The Science and Politics of Covid-19 - How Scientists Should Tackle Global Crises pdf, epub | 6.87 MB | English | Isbn:N/A | Author: Michel Claessens | Year: 2021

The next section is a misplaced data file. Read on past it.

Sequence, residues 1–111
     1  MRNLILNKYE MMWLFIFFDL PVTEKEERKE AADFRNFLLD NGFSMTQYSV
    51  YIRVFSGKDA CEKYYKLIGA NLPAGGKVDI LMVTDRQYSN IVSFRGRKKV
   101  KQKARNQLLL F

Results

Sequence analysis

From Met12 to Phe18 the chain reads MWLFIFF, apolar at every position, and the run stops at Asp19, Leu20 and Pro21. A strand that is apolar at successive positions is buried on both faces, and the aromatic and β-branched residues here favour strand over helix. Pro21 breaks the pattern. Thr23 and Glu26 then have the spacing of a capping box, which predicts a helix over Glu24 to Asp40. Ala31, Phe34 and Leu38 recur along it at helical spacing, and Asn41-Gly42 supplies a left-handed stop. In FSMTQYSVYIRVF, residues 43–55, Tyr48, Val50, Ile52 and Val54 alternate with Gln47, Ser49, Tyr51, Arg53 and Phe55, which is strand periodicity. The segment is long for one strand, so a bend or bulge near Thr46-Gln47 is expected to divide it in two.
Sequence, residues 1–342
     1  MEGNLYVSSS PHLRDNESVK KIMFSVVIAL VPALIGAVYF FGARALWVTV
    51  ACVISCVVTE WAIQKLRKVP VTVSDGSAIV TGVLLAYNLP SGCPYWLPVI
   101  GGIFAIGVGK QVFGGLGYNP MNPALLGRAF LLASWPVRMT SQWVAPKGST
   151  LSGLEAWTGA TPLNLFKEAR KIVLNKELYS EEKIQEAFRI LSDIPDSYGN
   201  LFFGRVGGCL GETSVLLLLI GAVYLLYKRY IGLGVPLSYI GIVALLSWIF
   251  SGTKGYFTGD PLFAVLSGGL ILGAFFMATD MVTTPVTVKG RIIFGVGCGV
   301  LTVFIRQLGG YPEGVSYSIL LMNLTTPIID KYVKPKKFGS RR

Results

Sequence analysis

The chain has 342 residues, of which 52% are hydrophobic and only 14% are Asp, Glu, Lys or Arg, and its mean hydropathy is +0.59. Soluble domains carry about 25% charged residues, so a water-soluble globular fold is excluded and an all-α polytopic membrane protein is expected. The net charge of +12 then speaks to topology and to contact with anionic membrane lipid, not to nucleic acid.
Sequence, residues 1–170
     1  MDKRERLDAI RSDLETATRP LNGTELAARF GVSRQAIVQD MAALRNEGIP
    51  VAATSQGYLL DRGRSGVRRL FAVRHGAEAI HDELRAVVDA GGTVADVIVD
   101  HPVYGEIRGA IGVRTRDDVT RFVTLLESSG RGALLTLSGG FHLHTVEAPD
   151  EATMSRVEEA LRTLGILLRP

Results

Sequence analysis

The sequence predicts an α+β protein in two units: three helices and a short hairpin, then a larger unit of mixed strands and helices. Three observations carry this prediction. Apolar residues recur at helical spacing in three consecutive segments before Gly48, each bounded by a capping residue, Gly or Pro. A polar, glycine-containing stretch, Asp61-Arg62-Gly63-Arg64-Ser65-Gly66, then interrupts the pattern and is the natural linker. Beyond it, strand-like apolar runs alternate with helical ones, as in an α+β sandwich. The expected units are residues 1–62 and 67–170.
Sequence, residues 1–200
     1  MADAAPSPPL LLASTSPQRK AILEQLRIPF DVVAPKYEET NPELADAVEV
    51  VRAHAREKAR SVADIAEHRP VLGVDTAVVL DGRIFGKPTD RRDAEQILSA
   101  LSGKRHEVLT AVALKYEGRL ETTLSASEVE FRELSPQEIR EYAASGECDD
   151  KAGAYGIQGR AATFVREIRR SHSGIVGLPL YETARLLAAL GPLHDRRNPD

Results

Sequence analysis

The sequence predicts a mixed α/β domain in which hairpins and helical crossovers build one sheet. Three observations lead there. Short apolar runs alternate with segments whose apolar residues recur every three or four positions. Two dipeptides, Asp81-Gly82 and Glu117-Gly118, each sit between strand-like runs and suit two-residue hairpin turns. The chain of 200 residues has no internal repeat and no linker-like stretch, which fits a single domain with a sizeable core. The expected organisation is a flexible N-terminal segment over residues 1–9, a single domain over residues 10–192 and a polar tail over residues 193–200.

This book is a fresh and readable account of the Covid-19 pandemic and how scientists and medical doctors are helping governments to manage the crisis. The book contains interviews and exchanges with dozens of scientists, doctors, experts, government representatives, and journalists. Why do some of the most scientifically advanced countries have the highest Covid-19 mortality? During the pandemic, the research community has been at the heart of-and actor in-a global scandal. Why has science failed? With the help of numerous testimonies from China, France, the UK and the USA in particular, the book provides an insider's view on this major crisis. Although the governments of these countries based their Covid-19 strategy on science, scientists failed to have a decisive influence on decision-makers-except in China-, which created genuine "time bombs." The accelerated development of vaccines does not erase past months' errors. The crisis led to the development of "science politics" at an unprecedented rate. More worryingly, experts themselves acknowledge that they did not rise to the challenge. Covid-19 also highlighted the weakness of dematic regimes and the power of technocapitalism. Countries pulled down their blinds, locked their doors, and promoted national approaches rather than international cooperation. The author proposes to set up an international framework on health risk to co-construct decision-making. He advocates political distancing in order to put the basics first: develop science, fight ignorance.
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